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Celtic Origins of Halloween Traditions

Posted by Tom Casey Tom Casey on 10/19/21 9:27 AM

Did you know that many of the Halloween traditions we use today originated on the Old Sod? In Ireland, the Celtic celebration of Samhain (pronounced saa-win) dates back to before the 10th century when the spoken traditions were written down. Jack-o-lanterns, costumes and trick-or-treating and even bobbing for apples came to us from these ancient traditions.

pexels-toni-cuenca-619418In Ireland, the Celts would light a large bonfire to celebrate the end of harvest and mark the beginning of the winter season as October ended and November began. It also marked the beginning of a new year, and the fire was an important symbol for the renewal. The community bonfire was so special that people would carve up turnips to take part of the bonfire back home to re-light their hearth. When Irish people first came to the U.S. and carried on this tradition of lighting carved turnips, the closest thing they could find was a pumpkin and so the jack-o-lantern was born.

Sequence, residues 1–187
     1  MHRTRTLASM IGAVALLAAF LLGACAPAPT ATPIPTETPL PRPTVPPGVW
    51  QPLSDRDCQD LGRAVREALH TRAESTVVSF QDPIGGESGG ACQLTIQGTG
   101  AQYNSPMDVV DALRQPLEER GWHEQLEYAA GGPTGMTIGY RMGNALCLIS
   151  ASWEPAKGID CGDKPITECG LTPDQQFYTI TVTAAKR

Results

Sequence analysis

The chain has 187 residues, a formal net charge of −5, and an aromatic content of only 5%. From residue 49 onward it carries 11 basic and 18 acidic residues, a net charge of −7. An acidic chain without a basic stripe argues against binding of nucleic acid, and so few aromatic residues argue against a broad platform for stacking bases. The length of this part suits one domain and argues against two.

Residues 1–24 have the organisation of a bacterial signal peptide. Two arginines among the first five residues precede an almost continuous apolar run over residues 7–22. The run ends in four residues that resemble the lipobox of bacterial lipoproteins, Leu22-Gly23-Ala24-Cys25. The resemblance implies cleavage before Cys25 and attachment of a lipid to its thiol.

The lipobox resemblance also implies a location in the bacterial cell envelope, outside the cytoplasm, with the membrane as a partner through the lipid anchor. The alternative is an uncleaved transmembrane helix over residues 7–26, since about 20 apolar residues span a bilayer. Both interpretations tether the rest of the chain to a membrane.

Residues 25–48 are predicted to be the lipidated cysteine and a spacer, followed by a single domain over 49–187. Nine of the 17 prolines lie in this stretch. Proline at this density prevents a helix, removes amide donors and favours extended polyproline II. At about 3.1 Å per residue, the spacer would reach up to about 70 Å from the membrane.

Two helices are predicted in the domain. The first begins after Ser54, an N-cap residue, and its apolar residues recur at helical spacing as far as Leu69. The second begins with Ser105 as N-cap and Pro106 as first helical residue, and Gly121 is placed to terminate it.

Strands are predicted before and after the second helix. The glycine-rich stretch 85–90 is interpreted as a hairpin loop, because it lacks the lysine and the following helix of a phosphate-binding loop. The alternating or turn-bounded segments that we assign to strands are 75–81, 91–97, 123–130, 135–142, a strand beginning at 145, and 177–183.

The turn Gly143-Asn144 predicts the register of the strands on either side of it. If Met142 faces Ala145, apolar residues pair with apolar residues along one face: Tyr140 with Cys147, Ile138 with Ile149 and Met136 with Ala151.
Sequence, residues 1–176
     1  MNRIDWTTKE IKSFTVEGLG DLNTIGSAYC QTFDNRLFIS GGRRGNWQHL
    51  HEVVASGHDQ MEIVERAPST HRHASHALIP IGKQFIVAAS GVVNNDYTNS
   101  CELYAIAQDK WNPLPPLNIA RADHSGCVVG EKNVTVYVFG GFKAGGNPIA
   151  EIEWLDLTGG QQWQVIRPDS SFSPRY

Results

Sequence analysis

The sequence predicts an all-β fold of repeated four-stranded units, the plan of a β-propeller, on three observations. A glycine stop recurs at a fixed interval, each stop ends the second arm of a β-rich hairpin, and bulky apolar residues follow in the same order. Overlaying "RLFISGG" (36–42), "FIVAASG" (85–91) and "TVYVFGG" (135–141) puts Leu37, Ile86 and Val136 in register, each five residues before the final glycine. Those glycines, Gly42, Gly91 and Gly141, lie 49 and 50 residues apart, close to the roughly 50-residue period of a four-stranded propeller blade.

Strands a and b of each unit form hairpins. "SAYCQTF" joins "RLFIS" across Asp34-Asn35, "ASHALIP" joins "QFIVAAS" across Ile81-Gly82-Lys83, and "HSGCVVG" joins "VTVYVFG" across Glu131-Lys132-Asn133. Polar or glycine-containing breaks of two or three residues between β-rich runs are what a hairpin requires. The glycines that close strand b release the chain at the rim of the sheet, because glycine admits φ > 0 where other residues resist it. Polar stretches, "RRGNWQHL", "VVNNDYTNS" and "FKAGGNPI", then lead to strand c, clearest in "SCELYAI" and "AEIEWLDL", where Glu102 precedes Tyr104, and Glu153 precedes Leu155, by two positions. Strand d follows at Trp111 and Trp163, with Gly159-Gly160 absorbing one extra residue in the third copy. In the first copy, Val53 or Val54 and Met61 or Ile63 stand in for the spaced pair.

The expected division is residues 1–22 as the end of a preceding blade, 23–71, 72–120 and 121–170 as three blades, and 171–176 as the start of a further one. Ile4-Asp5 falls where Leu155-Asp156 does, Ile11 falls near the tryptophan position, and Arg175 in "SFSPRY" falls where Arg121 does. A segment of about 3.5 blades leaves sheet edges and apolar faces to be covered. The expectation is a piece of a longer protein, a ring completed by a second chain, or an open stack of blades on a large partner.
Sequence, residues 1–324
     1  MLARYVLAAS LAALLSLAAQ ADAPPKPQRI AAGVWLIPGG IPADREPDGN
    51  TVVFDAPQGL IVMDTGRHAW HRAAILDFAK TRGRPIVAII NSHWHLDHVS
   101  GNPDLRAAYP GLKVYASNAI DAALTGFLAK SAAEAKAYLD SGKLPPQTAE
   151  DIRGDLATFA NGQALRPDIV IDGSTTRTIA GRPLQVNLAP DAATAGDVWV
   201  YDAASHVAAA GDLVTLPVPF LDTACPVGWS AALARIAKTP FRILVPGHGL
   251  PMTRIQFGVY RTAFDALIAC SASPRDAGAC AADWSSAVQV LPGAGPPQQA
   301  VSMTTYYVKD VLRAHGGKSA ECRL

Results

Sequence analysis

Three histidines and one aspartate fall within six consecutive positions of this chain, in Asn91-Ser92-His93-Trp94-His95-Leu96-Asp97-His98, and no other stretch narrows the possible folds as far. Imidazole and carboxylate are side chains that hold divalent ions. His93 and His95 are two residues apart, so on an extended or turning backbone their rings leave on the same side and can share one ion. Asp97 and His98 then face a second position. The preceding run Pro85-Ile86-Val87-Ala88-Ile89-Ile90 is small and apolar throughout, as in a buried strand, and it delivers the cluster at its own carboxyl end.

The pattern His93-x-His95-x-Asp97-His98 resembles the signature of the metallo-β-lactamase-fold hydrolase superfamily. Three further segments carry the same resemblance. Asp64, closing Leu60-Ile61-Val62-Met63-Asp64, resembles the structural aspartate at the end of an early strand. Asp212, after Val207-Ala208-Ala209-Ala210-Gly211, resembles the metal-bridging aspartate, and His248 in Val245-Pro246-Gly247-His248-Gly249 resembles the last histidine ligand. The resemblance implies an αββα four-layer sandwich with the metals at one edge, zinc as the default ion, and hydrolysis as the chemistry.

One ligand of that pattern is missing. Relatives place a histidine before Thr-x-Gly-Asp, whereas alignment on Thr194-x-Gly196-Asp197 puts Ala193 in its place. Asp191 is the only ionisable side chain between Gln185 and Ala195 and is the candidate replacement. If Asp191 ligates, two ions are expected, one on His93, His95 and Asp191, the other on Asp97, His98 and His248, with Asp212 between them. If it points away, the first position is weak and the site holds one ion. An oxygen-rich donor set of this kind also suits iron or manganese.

Bobbing for apples was a game originally called snap apple, with apples hung up on strings. Then, blindfolded children would try to eat them. This game is also played today with doughnuts.

pexels-karolina-grabowska-5422779_webCostumes and disguises were part of the Samhain celebration because that was the night that spirits or fairies walked the earth. The bonfire was also intended to ward off these spirits, but if you wore a disguise, any spirit not dissuaded by the fire might mistake you for another spirit and leave you alone.

Trick-or-treating also came from these disguises. Some say that the poor would visit the celebration feasts of the rich to collect items to use for their own celebrations. Other places say that people traveling from house to house sang songs in exchange for food. Another tradition suggests that trick-or-treating started as those disguised asking for offerings on behalf of the spirits. Pranks were part of imitating the spirits – and grotesque faces on turnips was a common prank!

Today, many of these traditions are still carried on. If you visit Ireland and even parts of Scotland at the end of October, you may encounter these celebrations. Bonfires are lit at this time of year in the Scottish Highlands, on the Isle of Man, parts of Wales and Ulster.

Tom Casey

Written by Tom Casey

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